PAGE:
David Koepsell is an author, philosopher, and attorney whose recent research focuses on the nexus of science, technology, ethics, and public policy. He is Assistant Professor, Philosophy Section, Faculty of Technology, Policy, and Management at the Technology University of Delft, in The Netherlands, and Senior Fellow, 3TU Centre for Ethics and Technology, The Netherlands. He is also the author of The Ontology of Cyberspace: Philosophy, Law, and the Future of Intellectual Property, as well as numerous scholarly articles on law, philosophy, science, and ethics. His latest book is Who Owns You? The Corporate Gold Rush to Patent Your Genes.
Tagged with “genes” (5)
Homo sapiens have been around for 250,000 years - surely long enough to have become fully evolved?
It was thought that the dramatic extension of life spans during the 20th century eliminated natural selection, but new evidence shows that to be false.
Will selection always be natural, or could postmodern also mean posthuman?
Richard Dawkins - known for his ”brilliance and wit” (New Yorker) - is one of the most influential scientists of our time and holds a chair at Oxford University. His highly acclaimed books include The Blind Watchmaker, The Selfish Gene and A Devil’s Chaplain; the New York Times has called him ”one of the most incisive science writers alive.” The Ancestor’s Tale, loosely based in form on Chaucer’s Canterbury Tales, offers a comprehensive look at 4 billion years of evolution.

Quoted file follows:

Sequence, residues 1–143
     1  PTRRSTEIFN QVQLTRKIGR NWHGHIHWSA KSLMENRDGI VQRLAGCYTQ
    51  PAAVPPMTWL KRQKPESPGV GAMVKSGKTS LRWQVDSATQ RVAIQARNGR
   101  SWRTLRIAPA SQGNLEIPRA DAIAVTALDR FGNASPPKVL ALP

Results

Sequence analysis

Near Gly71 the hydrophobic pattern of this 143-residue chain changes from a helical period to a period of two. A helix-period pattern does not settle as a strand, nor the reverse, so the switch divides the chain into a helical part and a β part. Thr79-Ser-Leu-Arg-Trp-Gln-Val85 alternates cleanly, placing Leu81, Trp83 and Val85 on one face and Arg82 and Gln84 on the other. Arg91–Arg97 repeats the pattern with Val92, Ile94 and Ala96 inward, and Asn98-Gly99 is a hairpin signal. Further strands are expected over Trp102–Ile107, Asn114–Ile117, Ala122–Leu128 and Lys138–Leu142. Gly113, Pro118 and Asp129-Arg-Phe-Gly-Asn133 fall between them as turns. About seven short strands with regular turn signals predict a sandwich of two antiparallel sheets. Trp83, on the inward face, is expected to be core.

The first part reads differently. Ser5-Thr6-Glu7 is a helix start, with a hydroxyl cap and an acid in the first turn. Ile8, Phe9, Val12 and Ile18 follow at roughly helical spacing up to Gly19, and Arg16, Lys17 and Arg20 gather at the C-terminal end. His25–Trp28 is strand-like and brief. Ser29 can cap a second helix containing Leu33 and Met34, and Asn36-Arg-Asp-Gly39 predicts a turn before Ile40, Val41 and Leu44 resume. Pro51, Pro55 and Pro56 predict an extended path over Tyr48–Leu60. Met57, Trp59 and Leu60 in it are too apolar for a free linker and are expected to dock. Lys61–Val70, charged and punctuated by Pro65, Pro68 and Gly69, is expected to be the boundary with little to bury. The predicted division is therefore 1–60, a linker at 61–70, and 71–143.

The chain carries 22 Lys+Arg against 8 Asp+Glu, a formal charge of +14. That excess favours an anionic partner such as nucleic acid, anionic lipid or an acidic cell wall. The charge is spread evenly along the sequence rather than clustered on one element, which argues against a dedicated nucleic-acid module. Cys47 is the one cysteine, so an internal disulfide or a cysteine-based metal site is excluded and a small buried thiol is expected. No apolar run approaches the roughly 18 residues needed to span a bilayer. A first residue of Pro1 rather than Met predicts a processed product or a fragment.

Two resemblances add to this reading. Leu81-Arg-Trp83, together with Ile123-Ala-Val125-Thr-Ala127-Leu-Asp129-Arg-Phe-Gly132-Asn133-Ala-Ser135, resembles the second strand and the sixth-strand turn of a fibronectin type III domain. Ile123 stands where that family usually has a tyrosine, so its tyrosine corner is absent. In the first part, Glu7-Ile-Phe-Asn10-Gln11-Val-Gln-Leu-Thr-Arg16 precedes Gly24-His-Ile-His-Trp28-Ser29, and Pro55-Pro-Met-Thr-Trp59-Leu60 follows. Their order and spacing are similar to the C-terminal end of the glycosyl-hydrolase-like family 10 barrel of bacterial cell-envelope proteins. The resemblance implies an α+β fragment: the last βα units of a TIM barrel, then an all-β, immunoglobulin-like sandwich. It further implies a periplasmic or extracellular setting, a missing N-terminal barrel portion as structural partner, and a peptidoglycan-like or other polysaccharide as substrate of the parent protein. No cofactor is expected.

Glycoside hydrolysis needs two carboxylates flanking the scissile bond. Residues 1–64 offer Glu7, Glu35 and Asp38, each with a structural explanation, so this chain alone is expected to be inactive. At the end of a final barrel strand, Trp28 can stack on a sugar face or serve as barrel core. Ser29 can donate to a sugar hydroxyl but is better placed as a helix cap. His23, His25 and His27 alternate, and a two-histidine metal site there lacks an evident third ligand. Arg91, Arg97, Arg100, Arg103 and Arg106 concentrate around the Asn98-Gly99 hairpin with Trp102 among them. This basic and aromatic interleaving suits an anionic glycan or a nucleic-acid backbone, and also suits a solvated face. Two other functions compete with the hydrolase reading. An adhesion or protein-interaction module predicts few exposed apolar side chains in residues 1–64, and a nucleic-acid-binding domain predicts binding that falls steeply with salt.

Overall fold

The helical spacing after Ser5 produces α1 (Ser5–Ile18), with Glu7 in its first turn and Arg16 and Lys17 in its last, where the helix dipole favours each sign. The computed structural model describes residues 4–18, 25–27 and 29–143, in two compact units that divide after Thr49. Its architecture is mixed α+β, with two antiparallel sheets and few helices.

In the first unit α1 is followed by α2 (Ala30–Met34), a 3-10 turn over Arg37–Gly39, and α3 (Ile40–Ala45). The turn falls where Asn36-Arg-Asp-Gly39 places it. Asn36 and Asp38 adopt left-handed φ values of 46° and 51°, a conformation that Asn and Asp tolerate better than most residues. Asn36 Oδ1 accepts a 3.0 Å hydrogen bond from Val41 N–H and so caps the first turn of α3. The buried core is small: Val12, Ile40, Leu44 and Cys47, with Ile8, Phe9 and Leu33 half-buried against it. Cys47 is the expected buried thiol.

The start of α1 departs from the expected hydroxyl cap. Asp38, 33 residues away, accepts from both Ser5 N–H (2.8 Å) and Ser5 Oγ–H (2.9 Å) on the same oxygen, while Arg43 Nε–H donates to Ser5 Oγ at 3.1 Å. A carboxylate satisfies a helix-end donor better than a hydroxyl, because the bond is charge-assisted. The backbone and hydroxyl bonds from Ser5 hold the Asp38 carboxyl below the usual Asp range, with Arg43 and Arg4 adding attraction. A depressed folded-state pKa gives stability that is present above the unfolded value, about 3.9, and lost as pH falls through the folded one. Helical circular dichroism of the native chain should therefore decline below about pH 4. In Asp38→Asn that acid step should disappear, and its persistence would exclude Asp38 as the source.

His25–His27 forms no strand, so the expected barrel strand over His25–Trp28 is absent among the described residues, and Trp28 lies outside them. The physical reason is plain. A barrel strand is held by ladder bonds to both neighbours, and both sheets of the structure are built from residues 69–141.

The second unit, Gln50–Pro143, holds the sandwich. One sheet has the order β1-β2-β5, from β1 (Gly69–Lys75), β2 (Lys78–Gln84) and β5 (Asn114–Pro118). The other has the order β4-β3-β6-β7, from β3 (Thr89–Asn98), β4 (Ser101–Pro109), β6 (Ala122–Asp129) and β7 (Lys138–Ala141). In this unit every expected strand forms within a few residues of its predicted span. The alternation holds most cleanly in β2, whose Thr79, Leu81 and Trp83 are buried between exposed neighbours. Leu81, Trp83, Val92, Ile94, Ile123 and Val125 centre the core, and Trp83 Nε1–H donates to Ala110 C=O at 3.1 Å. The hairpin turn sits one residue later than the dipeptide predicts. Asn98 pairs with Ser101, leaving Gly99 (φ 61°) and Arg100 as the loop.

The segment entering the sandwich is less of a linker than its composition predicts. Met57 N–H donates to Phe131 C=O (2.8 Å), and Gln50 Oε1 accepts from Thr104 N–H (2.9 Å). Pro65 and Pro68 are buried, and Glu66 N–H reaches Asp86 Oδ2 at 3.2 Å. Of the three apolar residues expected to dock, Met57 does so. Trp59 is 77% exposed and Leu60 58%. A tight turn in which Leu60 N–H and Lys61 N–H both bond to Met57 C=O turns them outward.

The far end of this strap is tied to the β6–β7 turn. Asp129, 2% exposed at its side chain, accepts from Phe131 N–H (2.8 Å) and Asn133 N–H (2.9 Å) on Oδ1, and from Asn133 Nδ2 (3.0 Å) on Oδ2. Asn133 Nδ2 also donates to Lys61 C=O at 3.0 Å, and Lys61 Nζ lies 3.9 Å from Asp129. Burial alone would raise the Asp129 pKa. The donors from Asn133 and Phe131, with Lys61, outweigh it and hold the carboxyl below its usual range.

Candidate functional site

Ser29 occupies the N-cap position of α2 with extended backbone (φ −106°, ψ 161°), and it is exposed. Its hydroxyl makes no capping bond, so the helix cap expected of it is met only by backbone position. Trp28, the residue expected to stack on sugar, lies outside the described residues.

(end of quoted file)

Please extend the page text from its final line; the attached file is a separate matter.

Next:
Synthetic biology will be one of the driving technological forces of this century. By transforming the complexity and diversity of life into a technology malleable by man, it simultaneously offers some of science’s highest hopes and gravest threats. Like splitting the atom, synthetic biology holds a great wealth of power that must be wielded with care.
Bioengineer Drew Endy is the leading enabler of open-source biotechnology. Technology historian Jim Thomas is the leading critic of biotech, based with ETC Group in Ottawa. Moderated by Stewart Brand, they will meet to discuss how the emerging and potentially revolutionary capabilities of synthetic biology can be utilized safely, equitably and openly.
Synthetic biology is swarming ahead all over the world, at a self-accelerating pace far greater than Moore’s Law, with a range of impacts far greater than genetically engineered food crops. Jim Thomas raises the question: "Is Synthetic Biology reckless or wise from the perspective of ‘the long now?’. I feel the synthetic biology community is driven by immensely short term assumptions and motivations, and as a result the medium term prospect for this platform holds both predictable problems and nasty surprises."
Keith Stanovich talks about the implications of universal Darwinism. Can natural selection explain just about anything? Pretty much.